Ramsay, Allan, 1685?–1758, Scottish poet. An Edinburgh bookseller, he opened one of the first circulating libraries in Great Britain. The Gentle Shepherd (1725), a pastoral comedy, is his most famous poetic work. He compiled several collections of old Scottish poems and songs and is considered an important figure in the revival of Scottish vernacular poetry that culminated in the work of Robert Burns. His son, Allan Ramsay, 1713–84, was a noted portrait painter. After a successful career in Edinburgh he moved to London in 1767 and became principal painter to George III.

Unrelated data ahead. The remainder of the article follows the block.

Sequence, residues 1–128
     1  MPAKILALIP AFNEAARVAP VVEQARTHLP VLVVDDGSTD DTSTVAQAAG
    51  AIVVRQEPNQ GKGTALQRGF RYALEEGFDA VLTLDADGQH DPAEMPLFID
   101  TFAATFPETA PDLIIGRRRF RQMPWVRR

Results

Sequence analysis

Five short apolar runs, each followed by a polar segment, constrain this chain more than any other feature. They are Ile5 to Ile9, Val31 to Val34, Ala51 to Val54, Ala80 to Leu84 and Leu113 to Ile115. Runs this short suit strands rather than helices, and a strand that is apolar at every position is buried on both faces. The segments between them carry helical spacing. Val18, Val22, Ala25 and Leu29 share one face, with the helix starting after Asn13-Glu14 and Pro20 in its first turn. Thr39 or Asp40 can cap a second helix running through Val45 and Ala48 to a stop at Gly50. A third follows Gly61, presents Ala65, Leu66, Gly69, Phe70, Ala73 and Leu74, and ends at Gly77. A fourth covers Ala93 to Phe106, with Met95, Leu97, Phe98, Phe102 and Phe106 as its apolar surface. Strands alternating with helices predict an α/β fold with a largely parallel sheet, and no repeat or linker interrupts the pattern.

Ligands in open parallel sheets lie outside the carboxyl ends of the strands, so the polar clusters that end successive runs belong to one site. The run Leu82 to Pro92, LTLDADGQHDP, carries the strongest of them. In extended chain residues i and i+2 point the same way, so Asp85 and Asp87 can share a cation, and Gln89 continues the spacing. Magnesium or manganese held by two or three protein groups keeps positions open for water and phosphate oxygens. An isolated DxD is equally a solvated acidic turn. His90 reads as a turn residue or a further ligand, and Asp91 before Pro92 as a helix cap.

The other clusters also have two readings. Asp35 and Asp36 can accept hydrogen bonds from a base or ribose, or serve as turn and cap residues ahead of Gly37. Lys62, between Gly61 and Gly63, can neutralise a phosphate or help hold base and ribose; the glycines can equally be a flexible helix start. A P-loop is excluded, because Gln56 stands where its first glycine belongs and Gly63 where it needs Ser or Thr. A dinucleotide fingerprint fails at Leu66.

See biography of the elder Ramsay by O. Smeaton (1896); study by B. Martin (1931).